What to expect when you're infected: Student Health Center offers tips to stay healthy as classes start

What to expect when you're infected: Student Health Center offers tips to stay healthy as classes start

Students should go to the Student Health Center at the first sign of illness. CW | Layton Dudley

Now imagine doing all of this 
while sick.

It will happen for most students sometime in their college career, but knowing warning signs and getting help right away can majorly cut down on the time and intensity of your illness. The most common illnesses among college students, according to David S. Brown, a nurse at the Student Heath Center, are the common cold, strep throat, sexually transmitted diseases and the flu. These diseases are all easily spread between people and can worsen over time.

According to the Centers for Disease Control, some of the best ways to avoid getting sick and spreading sickness are quite simple. Hand-washing is a must. Students touch thousands of surfaces a day, most of which are shared with others, such as desks, tables and door handles. The CDC also recommends that you should not share cups, silverware or straws with others, especially if you know they are sick. If you are already sick, the CDC recommends you stay home, cover your nose when you sneeze and avoid close contacts with others. The SHC also recommends that you eat a healthy diet, exercise and get a good night’s sleep to help keep your immune system up and fighting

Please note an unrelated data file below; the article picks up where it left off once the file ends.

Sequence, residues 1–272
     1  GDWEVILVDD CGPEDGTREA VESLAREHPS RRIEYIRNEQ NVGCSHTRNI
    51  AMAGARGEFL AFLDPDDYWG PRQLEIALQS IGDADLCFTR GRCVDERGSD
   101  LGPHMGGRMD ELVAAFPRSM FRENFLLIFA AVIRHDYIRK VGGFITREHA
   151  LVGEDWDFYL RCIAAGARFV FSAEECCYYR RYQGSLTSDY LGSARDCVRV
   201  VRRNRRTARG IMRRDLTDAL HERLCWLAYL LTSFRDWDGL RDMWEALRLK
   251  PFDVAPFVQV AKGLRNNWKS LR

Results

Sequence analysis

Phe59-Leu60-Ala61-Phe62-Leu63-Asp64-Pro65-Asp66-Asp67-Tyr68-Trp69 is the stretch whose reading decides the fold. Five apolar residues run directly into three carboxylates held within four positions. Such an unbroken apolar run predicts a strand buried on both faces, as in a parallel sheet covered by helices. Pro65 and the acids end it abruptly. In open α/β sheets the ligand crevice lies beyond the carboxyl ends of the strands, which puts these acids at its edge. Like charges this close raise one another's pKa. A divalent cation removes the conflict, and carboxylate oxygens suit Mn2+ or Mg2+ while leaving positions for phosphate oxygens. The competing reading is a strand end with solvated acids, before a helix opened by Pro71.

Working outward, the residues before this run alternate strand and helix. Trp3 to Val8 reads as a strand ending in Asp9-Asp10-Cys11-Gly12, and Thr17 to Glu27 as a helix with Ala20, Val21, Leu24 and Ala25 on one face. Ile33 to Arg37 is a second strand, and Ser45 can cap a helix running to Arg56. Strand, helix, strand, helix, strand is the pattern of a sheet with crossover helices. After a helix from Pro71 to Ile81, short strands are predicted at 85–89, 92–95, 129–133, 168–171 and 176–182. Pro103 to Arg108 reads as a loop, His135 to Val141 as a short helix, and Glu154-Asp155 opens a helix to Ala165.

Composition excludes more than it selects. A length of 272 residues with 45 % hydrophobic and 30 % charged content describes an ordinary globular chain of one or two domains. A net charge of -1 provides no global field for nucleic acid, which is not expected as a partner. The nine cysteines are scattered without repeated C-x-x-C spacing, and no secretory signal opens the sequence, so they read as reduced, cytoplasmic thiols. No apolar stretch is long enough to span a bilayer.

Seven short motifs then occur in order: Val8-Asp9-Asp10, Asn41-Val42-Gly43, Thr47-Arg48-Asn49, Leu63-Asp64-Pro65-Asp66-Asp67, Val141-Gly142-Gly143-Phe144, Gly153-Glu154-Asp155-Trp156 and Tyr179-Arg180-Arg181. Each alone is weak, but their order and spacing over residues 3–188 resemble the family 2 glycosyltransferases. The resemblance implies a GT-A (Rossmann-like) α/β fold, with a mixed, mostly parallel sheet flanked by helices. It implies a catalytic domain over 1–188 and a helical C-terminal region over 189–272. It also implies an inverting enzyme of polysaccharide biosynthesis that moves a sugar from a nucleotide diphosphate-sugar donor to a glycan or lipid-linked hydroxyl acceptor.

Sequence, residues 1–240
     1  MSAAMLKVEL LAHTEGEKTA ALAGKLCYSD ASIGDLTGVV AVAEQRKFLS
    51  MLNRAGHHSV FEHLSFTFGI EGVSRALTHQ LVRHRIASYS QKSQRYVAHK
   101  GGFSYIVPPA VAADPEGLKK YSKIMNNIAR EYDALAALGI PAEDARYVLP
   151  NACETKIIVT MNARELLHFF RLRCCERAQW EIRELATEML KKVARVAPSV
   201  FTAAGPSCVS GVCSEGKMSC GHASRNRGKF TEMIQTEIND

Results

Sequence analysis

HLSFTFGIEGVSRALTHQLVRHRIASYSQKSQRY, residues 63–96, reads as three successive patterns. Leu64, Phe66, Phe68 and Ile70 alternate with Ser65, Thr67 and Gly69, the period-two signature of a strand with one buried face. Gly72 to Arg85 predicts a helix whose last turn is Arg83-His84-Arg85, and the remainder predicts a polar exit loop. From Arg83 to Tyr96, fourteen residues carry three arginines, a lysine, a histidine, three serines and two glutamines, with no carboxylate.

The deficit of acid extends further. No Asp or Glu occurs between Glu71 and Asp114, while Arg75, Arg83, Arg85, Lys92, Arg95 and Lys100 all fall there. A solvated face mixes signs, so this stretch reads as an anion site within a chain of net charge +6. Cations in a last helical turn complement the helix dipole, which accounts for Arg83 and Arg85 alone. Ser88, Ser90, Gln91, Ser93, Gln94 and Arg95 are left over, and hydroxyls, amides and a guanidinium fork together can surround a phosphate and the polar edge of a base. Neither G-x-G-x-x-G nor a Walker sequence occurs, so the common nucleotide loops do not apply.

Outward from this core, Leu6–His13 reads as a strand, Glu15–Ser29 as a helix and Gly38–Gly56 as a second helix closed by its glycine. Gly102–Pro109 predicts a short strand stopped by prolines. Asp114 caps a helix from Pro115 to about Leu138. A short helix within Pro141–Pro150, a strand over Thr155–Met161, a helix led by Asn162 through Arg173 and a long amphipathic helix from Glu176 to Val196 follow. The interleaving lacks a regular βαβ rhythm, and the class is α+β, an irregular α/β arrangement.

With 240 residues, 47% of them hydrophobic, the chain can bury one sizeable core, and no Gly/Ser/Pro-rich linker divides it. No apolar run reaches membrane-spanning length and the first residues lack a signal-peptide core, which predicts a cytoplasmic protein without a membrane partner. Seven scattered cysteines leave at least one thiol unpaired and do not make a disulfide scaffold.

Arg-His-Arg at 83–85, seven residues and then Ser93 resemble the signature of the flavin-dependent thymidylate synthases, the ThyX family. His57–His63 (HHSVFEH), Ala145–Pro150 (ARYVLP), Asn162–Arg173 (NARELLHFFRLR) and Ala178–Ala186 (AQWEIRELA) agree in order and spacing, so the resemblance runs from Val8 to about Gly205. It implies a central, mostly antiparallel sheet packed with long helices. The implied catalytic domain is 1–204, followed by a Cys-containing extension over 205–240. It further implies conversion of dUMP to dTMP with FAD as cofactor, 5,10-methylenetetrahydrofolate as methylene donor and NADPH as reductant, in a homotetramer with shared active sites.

off infections.

Prevention is only half of preventing a serious illness. The other is to get help as soon as you don’t feel well. Many students don’t want to waste their time at the SHC and think the disease will go away on its own. That may be the case for some people, but for others not so much.

Emily Dickinson is a sophomore who pushed a doctor’s visit due to studying.

“I had a huge final coming up and I didn’t have time to go to the SHC,” Dickinson said. “My throat was itchy, but I thought it would go away.”

It didn’t. She had strep.

“By the time of my final, I could barely make it out of bed,” Dickinson said. “I had a high fever and 
swallowing hurt beyond belief.”

Brown also said an important part of visiting the SHC is being honest. Doctors aren’t there to get you in trouble. Leaving out vital information can cause a misdiagnosis.

It is also important to know the times and dates when the SHC is open.

“The majority of our provider time is set aside for the walk-in patients, however if you are an established patient you can call ahead and you will be given the next open slot, so you can then arrive 15 minutes before that time,” Brown said. “Walk-in wait times are always shorter in the early morning than at noon to late afternoon. The SHC is open Monday to Thursday from 8 a.m. until 8 p.m. and Fridays from 9 a.m. until 5 p.m. and Saturday/Sunday from 1-4 p.m. After 5 p.m. and on weekends the clinic is open for URGENT care patients only (acute sick and acute injuries).”

Brown listed items students should have with them when they arrive at 
the SHC.

“Students coming to the Student Health Center and Pharmacy should always bring their ACT card and Health Insurance Information,” he said. “The SHC does not turn away students because of inability to pay or because they do not have a health insurance plan.”

Catch your illness before it gets worse. If you don’t feel right, head over to the SHC.

Comments powered by Disqus

Please note All comments are eligible for publication in The Crimson White.